Suboptimal rhetoric

In which America is less than entirely astonished to learn that Pajama Boy is a self-described gay-loving “liberal f—“ with no morals, a predilection for attacking others, and a superiority complex:

Ethan Krupp, the little man who played “Pajama Boy” in a widely mocked Obamacare ad, once characterized himself as a “liberal f—.”

Krupp, an Organizing for Action (OFA) content writer who became the face of progressive America while wearing a onesie pajama suit, also remarked that gays “are all liberal f—-” and criticized a “conservative gay prick” on his now-deleted WordPress blog, entitled “Not Being Creative.”

“I am a Liberal F—,” Krupp wrote in one post. “A Liberal F— is not a Democrat, but rather someone who combines political data and theory, extreme leftist views and sarcasm to win any argument while make the opponents feel terrible about themselves. I won every argument but one.”

Sure you did, Pajama Boy. Sure you did. Notice that his approach is entirely rhetorical. The reference to sarcasm and feelings make it clear that he’s not even remotely interested in proper dialectic per se. One hallmark of this sort of individual is that he always thinks he wins an argument because his combination of self-delusion and total lack of regard for objective truth means that he can easily self-define the result of ANY argument as a win.

I seem to recall someone else describing a similarly “successful” rhetorical approach to debate:

“The more I argued with them, the better I came to know their dialectic. First they counted on the stupidity of their adversary, and then, when there was no other way out, they themselves simply played stupid. If all this didn’t help, they pretended not to understand, or, if challenged, they changed the subject in a hurry, quoted platitudes which, if you accepted them, they immediately related to entirely different matters, and then, if again attacked, gave ground and pretended not to know exactly what you were talking about. Whenever you tried to attack one of these apostles, your hand closed on a jelly-like slime which divided up and poured through your fingers, but in the next moment collected again. But if you really struck one of these fellows so telling a blow that, observed by the audience, he couldn’t help but agree, and if you believed that this had taken you at least one step forward, your amazement was great the next day. The Jew had not the slightest recollection of the day before, he rattled off his same old nonsense as though nothing at all had happened, and, if indignantly challenged, affected amazement; he couldn’t remember a thing, except that he had proved the correctness of his assertions the previous day.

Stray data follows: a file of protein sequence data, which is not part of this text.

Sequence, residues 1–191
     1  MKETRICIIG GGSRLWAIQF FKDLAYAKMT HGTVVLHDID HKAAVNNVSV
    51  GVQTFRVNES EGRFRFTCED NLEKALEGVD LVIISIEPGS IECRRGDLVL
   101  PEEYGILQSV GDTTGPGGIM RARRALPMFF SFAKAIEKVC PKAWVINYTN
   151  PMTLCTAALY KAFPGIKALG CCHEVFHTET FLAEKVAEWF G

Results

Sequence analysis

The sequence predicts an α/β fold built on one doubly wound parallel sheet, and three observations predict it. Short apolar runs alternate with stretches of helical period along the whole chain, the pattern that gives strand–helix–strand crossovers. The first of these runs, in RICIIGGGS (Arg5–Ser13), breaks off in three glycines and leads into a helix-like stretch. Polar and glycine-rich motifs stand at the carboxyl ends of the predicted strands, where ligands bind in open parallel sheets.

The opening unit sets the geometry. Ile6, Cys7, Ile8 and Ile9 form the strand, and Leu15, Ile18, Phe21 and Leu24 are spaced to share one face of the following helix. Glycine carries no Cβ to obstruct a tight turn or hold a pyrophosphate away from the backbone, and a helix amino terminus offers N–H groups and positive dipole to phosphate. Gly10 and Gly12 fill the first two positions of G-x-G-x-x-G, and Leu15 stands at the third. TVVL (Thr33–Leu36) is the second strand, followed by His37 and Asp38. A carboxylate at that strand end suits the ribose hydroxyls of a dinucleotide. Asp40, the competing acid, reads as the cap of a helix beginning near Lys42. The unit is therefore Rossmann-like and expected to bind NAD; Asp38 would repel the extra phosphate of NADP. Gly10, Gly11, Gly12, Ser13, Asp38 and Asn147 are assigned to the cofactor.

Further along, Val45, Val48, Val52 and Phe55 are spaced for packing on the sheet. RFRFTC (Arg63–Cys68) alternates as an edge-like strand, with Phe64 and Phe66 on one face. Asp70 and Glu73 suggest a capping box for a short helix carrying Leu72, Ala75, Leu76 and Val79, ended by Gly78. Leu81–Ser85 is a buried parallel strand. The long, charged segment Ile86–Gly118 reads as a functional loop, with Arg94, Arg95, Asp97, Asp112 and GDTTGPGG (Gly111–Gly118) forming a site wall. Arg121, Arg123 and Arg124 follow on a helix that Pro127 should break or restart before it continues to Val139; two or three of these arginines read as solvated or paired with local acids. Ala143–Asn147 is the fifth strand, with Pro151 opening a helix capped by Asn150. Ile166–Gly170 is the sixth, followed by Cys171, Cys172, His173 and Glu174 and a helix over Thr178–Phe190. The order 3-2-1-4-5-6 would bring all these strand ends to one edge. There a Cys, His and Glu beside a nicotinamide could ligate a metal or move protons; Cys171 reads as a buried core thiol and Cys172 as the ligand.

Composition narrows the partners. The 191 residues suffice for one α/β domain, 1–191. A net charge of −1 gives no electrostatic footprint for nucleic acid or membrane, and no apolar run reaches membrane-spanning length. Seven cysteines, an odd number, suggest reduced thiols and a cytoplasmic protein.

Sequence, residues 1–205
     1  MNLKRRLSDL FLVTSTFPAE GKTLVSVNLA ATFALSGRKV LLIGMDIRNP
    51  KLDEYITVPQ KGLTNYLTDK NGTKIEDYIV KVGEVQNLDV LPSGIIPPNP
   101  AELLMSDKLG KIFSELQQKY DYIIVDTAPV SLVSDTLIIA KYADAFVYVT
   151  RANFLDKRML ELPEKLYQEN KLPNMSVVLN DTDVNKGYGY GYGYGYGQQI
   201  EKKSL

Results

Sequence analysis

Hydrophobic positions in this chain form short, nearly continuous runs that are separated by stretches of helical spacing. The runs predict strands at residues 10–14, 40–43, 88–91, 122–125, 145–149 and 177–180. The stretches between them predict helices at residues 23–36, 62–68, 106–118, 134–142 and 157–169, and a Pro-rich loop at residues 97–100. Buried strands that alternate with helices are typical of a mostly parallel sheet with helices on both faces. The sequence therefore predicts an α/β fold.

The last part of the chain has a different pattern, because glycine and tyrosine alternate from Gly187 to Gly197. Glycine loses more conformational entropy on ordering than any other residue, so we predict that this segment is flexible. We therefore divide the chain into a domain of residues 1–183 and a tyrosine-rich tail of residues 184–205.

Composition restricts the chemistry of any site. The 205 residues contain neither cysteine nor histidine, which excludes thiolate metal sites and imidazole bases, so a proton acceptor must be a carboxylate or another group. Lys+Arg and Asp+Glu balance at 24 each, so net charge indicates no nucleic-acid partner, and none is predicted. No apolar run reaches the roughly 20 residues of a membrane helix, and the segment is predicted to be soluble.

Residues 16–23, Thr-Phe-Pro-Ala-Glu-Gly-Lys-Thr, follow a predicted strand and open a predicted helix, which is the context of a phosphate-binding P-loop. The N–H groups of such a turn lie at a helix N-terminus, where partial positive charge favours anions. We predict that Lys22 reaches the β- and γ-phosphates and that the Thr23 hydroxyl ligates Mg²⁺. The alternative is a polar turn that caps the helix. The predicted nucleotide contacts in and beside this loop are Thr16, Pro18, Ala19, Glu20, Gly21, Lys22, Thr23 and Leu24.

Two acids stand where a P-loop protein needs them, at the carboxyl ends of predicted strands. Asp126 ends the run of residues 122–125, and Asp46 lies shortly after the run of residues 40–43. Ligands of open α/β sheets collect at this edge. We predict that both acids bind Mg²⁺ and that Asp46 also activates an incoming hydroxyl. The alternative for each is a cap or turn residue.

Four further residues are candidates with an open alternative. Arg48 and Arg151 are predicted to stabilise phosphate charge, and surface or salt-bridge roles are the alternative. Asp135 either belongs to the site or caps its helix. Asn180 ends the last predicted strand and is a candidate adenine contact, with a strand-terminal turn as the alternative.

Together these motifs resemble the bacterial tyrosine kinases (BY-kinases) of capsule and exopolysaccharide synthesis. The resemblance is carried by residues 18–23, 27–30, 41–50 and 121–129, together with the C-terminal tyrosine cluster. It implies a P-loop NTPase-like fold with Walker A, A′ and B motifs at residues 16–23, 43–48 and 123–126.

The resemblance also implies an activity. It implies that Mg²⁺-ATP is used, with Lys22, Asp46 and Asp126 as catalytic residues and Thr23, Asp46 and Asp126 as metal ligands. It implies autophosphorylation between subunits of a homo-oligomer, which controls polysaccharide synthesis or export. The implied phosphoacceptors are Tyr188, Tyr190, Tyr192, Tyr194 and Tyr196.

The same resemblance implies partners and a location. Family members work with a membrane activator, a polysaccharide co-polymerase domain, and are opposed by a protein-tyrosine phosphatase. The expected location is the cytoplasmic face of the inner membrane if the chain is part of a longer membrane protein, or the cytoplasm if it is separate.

“Sometimes I stood there thunderstruck.

“I didn’t know what to be more amazed at: the agility of their tongues or their virtuosity at lying.

“Gradually I began to hate them.”

If the consequences of your self-declared victorious approach to intellectual disputation is to make formerly indifferent people hate and despise you, then perhaps it is time to consider an entirely different rhetorical approach.